Molecular and Genetic Regulation of Craniofacial Development

Sponsor: NIH National Institute of Dental and Craniofacial Research

Location(s): United States


Craniofacial anomalies account for nearly one-third of all birth defects and are a severe cause of morbidity and mortality in infants. In spite of their prevalence, the underlying genetic and molecular mechanisms causing most craniofacial defects remain largely unknown. The long-term goal of the proposed studies is to define the molecular and genetic pathways that control craniofacial development for the purpose of regeneration and repair, tissue engineering, and the diagnosis of and intervention into congenital craniofacial birth defects. Specifically, this application is focused on the identification of the transcriptional pathways and mechanisms involved in craniofacial development.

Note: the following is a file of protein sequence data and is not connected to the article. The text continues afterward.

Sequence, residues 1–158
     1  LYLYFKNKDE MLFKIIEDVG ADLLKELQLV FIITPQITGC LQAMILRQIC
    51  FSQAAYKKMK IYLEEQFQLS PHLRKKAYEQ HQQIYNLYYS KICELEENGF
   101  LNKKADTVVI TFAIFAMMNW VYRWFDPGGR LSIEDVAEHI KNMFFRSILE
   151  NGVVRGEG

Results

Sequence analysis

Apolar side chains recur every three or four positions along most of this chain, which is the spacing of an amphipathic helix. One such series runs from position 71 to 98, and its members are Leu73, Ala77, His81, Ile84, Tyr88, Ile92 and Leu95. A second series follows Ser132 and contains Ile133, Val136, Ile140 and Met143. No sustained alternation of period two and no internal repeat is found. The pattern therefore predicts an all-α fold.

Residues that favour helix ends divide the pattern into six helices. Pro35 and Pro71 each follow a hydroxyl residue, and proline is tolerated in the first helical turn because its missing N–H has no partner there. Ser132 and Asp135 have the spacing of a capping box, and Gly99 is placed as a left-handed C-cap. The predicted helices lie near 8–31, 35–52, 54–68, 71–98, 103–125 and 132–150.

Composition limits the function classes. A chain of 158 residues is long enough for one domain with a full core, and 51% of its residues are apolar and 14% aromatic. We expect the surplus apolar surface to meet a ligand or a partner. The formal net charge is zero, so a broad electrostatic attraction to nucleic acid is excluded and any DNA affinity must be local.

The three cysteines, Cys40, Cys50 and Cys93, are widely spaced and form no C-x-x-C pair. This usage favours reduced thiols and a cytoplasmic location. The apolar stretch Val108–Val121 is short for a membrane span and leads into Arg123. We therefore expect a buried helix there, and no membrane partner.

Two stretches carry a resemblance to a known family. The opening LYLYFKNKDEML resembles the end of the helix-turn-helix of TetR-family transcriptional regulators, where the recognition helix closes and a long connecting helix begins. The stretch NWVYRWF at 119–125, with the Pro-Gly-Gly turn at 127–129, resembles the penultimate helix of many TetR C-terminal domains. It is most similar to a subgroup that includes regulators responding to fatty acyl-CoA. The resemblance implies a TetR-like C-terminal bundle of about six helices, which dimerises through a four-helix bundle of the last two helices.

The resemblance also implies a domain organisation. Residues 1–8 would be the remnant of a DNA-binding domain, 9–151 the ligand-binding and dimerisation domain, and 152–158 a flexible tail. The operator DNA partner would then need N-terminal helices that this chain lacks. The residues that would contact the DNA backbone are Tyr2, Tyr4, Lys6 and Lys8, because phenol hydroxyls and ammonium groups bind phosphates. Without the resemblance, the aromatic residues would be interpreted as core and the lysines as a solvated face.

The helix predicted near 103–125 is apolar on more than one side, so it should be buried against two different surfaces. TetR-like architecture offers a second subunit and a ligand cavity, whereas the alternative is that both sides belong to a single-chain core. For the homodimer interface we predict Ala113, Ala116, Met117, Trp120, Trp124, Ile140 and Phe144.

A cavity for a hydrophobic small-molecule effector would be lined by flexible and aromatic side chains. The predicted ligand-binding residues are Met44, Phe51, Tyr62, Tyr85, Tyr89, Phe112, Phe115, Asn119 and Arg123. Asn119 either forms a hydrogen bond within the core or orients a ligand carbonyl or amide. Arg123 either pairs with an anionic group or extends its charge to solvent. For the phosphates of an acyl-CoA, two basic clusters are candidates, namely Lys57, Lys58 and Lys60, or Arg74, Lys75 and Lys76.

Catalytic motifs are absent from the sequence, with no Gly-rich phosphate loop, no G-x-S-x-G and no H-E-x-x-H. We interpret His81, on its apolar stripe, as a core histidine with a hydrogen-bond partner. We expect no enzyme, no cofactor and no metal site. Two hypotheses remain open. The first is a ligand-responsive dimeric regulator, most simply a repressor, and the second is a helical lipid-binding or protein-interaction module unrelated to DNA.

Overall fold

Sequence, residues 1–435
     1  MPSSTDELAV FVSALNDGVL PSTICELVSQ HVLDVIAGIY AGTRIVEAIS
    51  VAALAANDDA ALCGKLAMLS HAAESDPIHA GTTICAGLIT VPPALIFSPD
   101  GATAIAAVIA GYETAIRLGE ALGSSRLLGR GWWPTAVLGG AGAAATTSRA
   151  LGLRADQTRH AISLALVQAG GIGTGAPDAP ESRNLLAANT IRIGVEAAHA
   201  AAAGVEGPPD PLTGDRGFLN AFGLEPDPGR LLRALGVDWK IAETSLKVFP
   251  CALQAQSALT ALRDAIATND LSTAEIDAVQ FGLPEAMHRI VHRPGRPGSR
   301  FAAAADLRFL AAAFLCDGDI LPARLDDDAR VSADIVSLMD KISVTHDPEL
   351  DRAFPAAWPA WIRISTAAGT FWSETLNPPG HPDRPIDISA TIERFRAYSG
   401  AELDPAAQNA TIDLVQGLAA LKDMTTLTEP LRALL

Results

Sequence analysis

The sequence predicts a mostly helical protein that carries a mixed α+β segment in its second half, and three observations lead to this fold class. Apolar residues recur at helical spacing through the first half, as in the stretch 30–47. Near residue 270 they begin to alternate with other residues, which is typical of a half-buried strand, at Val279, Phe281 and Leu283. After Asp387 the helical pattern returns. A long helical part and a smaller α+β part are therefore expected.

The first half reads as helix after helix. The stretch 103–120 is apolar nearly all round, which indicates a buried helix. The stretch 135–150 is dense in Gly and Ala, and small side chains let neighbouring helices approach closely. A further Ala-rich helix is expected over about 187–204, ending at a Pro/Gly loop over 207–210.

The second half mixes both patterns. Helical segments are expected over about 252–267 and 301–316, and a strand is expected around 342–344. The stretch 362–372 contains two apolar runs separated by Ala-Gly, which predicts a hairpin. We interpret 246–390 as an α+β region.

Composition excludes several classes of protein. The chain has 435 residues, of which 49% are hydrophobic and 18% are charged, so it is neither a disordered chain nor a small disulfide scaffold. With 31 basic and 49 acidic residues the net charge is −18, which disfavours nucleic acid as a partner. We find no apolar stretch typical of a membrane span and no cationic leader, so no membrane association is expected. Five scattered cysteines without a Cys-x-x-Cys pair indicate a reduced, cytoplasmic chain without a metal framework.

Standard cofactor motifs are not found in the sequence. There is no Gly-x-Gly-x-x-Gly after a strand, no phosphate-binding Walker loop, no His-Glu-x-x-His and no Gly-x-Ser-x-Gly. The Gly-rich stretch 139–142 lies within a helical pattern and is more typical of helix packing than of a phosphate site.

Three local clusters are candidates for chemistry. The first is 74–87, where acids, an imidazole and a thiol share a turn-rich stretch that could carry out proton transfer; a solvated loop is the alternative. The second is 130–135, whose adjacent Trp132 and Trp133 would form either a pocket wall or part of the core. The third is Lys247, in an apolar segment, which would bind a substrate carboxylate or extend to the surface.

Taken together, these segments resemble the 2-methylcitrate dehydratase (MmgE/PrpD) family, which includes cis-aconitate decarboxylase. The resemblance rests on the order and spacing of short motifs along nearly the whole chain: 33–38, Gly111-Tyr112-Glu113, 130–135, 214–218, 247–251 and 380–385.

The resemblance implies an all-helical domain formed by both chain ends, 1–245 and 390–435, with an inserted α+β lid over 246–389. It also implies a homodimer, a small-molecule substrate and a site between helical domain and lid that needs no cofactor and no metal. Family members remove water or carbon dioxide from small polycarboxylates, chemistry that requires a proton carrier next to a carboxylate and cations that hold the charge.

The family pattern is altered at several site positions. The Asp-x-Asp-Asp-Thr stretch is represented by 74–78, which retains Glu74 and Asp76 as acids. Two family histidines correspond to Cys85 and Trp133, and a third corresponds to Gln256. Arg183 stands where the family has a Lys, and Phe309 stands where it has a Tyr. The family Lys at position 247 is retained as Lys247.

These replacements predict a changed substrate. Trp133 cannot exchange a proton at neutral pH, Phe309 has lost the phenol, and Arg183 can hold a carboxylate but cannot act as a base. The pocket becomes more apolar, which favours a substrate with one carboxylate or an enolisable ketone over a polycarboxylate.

Recent work has identified a novel genetic model for Pierre Robin Sequence (PRS) in mice. PRS occurs in about 1 in every 800 live births and is characterized by small lower jaw, improperly positioned tongue and posterior cleft of the palate, which can result in upper airway obstruction and feeding difficulties. Previously, it was thought that PRS occurred as a result of environmental factors that restrict outgrowth of the mandible, but it is now quite clear that this sequence also has an undefined genetic component(s). Mice that carry one mutant allele of Dlx5/6 locus and one mutant copy of the Mef2c allele die at birth from craniofacial defects resembling PRS. The Dlx5/6 locus encodes two Distal-less related homeobox transcription factors, while the Mef2c locus encodes a MADS box transcription factor. In addition to their genetic interaction, MEF2C and Dlx5 cooperate to induce a robust synergistic transcriptional response. The hypotheses underlying this proposal are that Dlx5/6 and MEF2C form a transcriptional complex downstream of endothelin receptor signaling, that this complex is essential for the activation of a subset of genes that are required for craniofacial development, and that mutations or aberrant expression of Dlx5/6-MEF2C target genes contributes to craniofacial anomalies such as PRS. To address these hypotheses, three specific aims are proposed. Aim 1 will define the physical and functional interaction between Dlx5 and MEF2C and how this results in transcriptional activation. The goal is to define the transcriptional mechanisms that control gene expression during craniofacial development. Aim 2 will analyze the craniofacial defects in Mef2c-Dlx5/6 double heterozygotes in detail. The goal is to identify possible cellular mechanisms underlying the mandible and palate phenotypes in double heterozygotes to understand how these processes control palate closure and jaw growth. Aim 3 will identify upstream regulators of Mef2c transcription in craniofacial mesenchyme and will determine whether Mef2c is a direct target of the endothelin signaling pathway, using a transgenic mouse approach. The goals are to place Mef2c into a transcriptional pathway and to identify the immediate transcriptional effectors of endothelin signaling in craniofacial development.